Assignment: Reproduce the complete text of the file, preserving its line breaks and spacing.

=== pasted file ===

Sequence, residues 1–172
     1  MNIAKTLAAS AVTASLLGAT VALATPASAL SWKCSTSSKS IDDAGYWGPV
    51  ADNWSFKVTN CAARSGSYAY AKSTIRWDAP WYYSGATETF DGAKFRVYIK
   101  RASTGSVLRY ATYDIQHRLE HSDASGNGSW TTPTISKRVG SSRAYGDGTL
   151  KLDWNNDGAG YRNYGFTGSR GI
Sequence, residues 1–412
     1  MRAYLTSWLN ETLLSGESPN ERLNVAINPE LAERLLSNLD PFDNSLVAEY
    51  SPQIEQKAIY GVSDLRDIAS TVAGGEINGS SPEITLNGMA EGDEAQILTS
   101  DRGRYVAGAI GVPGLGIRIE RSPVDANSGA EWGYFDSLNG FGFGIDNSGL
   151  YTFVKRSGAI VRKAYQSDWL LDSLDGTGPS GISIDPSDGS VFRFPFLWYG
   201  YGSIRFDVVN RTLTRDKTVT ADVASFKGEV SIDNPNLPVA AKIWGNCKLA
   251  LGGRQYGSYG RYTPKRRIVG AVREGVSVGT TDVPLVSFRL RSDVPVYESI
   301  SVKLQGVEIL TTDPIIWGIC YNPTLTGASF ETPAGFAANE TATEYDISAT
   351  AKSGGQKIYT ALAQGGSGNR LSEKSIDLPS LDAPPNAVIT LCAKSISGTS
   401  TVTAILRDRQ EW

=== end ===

Sequence, residues 1–172
     1  MNIAKTLAAS AVTASLLGAT VALATPASAL SWKCSTSSKS IDDAGYWGPV
    51  ADNWSFKVTN CAARSGSYAY AKSTIRWDAP WYYSGATETF DGAKFRVYIK
   101  RASTGSVLRY ATYDIQHRLE HSDASGNGSW TTPTISKRVG SSRAYGDGTL
   151  KLDWNNDGAG YRNYGFTGSR GI
Sequence, residues 1–412
     1  MRAYLTSWLN ETLLSGESPN ERLNVAINPE LAERLLSNLD PFDNSLVAEY
    51  SPQIEQKAIY GVSDLRDIAS TVAGGEINGS SPEITLNGMA EGDEAQILTS
   101  DRGRYVAGAI GVPGLGIRIE RSPVDANSGA EWGYFDSLNG FGFGIDNSGL
   151  YTFVKRSGAI VRKAYQSDWL LDSLDGTGPS GISIDPSDGS VFRFPFLWYG
   201  YGSIRFDVVN RTLTRDKTVT ADVASFKGEV SIDNPNLPVA AKIWGNCKLA
   251  LGGRQYGSYG RYTPKRRIVG AVREGVSVGT TDVPLVSFRL RSDVPVYESI
   301  SVKLQGVEIL TTDPIIWGIC YNPTLTGASF ETPAGFAANE TATEYDISAT
   351  AKSGGQKIYT ALAQGGSGNR LSEKSIDLPS LDAPPNAVIT LCAKSISGTS
   401  TVTAILRDRQ EW